Lucy struts downstairs dressed in black with red lips and high heels.
“Looking good,” I say and remember the parties I had when I was eight, the blue dress with layers of petticoats, the big bow at the back, matching ribbons in my hair.
“You do look nice,” says Mum.
I search for my car keys but they’ve gone so I can’t take Lucy to the birthday party. She stamps upstairs crying loudly. After an hour of looking we find Kate’s purse in the back of the fridge behind a jar of olives, Lucy’s roller blades under Mum’s bed, a bottle of Summer Fruits squash behind the lavatory and eventually the car keys in Mum’s coat pocket along with the earpiece to Jodie’s iPod. That evening, I shout. No one wants the shepherd’s pie; it doesn’t taste right and they disappear into their rooms.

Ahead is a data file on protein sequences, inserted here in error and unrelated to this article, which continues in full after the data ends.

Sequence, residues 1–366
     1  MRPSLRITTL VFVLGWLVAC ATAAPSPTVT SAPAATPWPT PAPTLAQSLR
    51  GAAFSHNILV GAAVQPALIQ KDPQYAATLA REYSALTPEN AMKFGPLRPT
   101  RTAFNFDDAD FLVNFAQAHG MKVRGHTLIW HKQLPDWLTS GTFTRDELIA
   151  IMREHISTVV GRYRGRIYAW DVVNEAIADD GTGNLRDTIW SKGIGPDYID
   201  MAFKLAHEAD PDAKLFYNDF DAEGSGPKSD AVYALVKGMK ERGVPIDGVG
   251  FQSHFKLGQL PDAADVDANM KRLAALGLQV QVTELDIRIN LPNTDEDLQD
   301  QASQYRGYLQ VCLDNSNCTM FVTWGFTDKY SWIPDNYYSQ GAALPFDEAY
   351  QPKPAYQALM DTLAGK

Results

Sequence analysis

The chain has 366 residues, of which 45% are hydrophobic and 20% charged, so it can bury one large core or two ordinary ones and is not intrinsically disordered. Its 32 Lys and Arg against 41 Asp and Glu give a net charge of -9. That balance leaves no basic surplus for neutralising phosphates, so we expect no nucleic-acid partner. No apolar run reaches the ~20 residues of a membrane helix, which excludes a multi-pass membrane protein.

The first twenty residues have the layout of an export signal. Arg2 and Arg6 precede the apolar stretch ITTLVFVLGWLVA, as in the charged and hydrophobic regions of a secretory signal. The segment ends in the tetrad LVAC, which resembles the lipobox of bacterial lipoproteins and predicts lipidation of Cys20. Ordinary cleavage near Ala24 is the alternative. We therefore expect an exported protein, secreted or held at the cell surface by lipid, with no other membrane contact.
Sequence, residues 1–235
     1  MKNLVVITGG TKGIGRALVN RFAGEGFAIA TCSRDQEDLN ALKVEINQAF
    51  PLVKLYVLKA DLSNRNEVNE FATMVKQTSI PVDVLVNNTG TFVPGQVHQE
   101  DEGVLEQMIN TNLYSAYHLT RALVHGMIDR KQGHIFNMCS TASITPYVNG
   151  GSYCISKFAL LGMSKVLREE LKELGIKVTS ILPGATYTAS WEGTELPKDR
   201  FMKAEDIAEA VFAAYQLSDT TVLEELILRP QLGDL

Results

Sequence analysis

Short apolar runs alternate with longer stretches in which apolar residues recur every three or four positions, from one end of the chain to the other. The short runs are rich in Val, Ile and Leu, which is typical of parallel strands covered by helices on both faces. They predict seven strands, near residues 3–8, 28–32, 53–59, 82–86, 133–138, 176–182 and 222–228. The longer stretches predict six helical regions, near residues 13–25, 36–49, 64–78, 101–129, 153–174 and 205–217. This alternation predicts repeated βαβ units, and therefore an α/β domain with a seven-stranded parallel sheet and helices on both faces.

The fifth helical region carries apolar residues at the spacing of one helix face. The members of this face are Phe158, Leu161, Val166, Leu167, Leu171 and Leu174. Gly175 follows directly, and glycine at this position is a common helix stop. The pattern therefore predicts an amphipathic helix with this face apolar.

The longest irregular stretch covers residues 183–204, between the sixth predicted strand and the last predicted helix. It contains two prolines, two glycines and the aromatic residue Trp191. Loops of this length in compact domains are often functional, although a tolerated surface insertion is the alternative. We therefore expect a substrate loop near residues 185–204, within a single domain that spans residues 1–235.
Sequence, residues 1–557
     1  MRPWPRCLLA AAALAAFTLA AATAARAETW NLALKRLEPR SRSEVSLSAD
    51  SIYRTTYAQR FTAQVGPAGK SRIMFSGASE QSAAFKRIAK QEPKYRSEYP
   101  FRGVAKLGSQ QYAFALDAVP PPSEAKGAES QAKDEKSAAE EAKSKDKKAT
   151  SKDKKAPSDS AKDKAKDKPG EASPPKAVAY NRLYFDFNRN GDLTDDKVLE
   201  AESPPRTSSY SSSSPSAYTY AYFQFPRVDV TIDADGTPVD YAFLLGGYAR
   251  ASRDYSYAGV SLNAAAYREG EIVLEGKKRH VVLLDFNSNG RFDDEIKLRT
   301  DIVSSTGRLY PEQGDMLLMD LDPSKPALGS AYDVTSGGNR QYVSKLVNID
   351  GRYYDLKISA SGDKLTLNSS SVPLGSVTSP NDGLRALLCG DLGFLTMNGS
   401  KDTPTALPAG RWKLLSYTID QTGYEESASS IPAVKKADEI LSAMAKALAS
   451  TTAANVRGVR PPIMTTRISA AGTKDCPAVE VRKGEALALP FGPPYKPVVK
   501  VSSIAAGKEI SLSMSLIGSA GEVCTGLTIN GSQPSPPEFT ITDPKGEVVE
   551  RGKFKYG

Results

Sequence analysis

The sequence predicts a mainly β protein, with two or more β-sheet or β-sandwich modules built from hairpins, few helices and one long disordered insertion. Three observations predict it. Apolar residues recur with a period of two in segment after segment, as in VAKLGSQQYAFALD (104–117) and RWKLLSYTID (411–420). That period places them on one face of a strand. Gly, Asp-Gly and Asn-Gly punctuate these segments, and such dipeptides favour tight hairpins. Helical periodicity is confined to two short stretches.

After I’ve taken Mum to bed, I pour out the half inch of wine that’s left in the bottle. It’s thick with residue. I slug it back in one gulp and look in the sideboard cupboard for another. I find the gold-rimmed cup that had contained the pieces of showerhead. I sift through the bin but I can’t find the pieces anywhere.
I open another bottle; by the time I’ve finished a second glass, Mum’s footsteps are on the stairs. She has pulled a pair of trousers and a Guernsey sweater over her pajamas.
“I thought I’d get up,” she dumps a pile of clothes on top of the carrier bag by the door.
“It’s 10:30,” I say.
“I thought it was morning.”
“You’ve only been in bed a while.”
“Shall I take you back up?”
“Could you Min? You know, I don’t know where to go. I know it’s silly but I just can’t remember.”
“Never mind,” I say.
I take her upstairs, settle her in bed. It happens three more times.
“I have a headache, a terrible headache,” she says. I fetch a Paracetemol.
“You’ll feel better after you’ve slept,” I say.
“I can’t sleep. I can’t get anything right. I don’t seem to understand anything. I don’t know, Min. What am I going to do? I can’t stay here forever. I have to be getting home.”